Still, the most important thing to know about fighting with Wing Chun on the street is that, although your main objective should be to survive the violent situation, you also have a responsibility towards the aggressor. Wing Chun is dangerous and should be used with caution. Therefore, use it efficiently but remain the master of your emotions.
Are you worried that Wing Chun is being gradually watered down?
Not at all. Since I run schools in 15 countries, I have the privilege to meet a lot of Wing Chun practitioners from around the world and have realised, nowadays, our art has many facets. Wing Chun has undergone enormous developments, and it has never been so rich and so poor simultaneously.
There is a multitude of so-called “schools” that hide in some basement where a self-proclaimed Sifu teaches twice per week what he has learned from books and Sifu YouTube. On the other hand, many authentic students of our Grandmasters still teach traditional styles.
Meanwhile, some of my best friends have dedicated their entire lives to studying, teaching and researching Wing Chun full-time, so students who will do research and effort can always find valuable and skilful teachers. Masters who have spent years of sweat, training and research looking at Wing Chun from a different angle may not be watering down the tradition but developing or refining it.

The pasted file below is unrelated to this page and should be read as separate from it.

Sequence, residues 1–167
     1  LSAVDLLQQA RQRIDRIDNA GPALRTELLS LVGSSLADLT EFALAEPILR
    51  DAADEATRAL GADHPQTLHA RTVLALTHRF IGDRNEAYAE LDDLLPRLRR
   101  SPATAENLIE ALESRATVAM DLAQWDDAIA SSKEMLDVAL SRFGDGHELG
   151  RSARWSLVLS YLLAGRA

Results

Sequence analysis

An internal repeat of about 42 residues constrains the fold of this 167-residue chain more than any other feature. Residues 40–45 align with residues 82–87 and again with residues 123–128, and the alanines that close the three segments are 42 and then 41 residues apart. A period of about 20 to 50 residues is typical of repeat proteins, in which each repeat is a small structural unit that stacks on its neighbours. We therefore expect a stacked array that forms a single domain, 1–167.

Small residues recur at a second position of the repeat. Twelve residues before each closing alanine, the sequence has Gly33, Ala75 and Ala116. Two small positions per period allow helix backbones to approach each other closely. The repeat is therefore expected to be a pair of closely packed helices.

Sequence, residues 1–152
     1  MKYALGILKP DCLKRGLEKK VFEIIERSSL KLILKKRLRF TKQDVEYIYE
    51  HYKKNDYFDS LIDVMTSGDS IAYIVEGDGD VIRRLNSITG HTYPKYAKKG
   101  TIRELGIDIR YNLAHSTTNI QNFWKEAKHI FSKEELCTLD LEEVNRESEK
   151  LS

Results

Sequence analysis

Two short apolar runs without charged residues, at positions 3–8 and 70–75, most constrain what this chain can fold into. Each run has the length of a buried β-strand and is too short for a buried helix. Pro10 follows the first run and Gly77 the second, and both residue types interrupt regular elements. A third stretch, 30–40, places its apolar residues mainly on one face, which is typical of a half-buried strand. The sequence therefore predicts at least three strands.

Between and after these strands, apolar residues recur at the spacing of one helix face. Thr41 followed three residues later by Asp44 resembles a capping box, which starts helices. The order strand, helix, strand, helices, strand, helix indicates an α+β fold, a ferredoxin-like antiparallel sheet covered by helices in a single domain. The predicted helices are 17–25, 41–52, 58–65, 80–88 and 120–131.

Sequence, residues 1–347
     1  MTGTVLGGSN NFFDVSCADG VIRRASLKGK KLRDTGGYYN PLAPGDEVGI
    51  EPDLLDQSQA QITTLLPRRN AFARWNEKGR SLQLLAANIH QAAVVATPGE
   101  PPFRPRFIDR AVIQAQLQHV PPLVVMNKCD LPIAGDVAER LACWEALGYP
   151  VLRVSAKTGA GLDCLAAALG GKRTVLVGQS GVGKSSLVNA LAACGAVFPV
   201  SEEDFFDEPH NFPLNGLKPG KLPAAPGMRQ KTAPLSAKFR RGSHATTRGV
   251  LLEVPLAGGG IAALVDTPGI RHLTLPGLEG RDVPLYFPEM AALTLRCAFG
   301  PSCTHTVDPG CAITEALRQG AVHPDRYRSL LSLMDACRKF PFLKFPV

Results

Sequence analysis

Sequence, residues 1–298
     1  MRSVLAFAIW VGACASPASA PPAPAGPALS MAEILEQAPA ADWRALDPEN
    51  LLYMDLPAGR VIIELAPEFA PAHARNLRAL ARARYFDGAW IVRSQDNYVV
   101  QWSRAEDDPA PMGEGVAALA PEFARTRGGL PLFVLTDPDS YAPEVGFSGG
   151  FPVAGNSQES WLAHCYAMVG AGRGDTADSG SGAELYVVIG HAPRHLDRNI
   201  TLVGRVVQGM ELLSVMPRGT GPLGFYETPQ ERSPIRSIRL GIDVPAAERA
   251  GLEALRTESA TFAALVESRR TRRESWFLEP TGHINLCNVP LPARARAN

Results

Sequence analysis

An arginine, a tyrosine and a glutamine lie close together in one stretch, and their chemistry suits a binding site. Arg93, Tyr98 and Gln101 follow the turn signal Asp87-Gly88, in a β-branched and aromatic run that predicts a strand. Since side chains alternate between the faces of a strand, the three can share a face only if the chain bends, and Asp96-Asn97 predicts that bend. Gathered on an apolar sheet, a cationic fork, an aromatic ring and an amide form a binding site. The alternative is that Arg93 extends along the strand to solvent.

How important is the understanding of structure in teaching Wing Chun?
I’d like to answer with something a Chinese high-profile Wing Tsun master once told me. He said: “ The Chinese way of teaching is chaotic. There are no written curricula, no step-by-step building stones for most of the training sessions.”
Our style, with all its wonderful and ingenious ideas, comes from these origins. Maybe, if we include a little Western teaching methodology, we can mould Wing Chun into something that will avoid quality deficits, as ANY education needs structure! Structure gives the student security he or she is learning correctly and safely, and you, the instructor, a guideline to go back to.
In your many years of teaching, what’s your most memorable moment?
Probably when one of my female students surprised me in class with flowers and a “Thank You” note. It turned out that a guy tried to rape her while she was on the way to class, and she was able to defend herself verbally and physically and to run away.
How would you like to see Wing Chun develop in the modern world?
In comparison with styles such as Karate, Judo and Taekwondo, Wing Chun is still relatively unknown in most countries, and this is something I’d like to see change. I also believe we need more scientific backup from universities to strengthen the appreciation of the art amongst a mainstream crowd. For example, two professors at the University of Stirling in Scotland have just applied for a research study to find out what happens in the brain when a practitioner trains Chi Sau and how kinaesthetic and proprioceptive feedback can enable the practitioner to react with the flow, subconsciously forming the correct answer to the stimuli given. My team and I are partners in crime for them, and hopefully soon, we can publish the results.
One thing most Wing Chun instructors are still painfully lacking is managerial skills. We need big Wing Chun schools with 300, 400 and 500 students starting from four-years-old all the way to retirement age. We have a damn good product, so let’s learn how to market our schools professionally and to make a positive difference in the lives of millions. The potential is there. We just have to take action.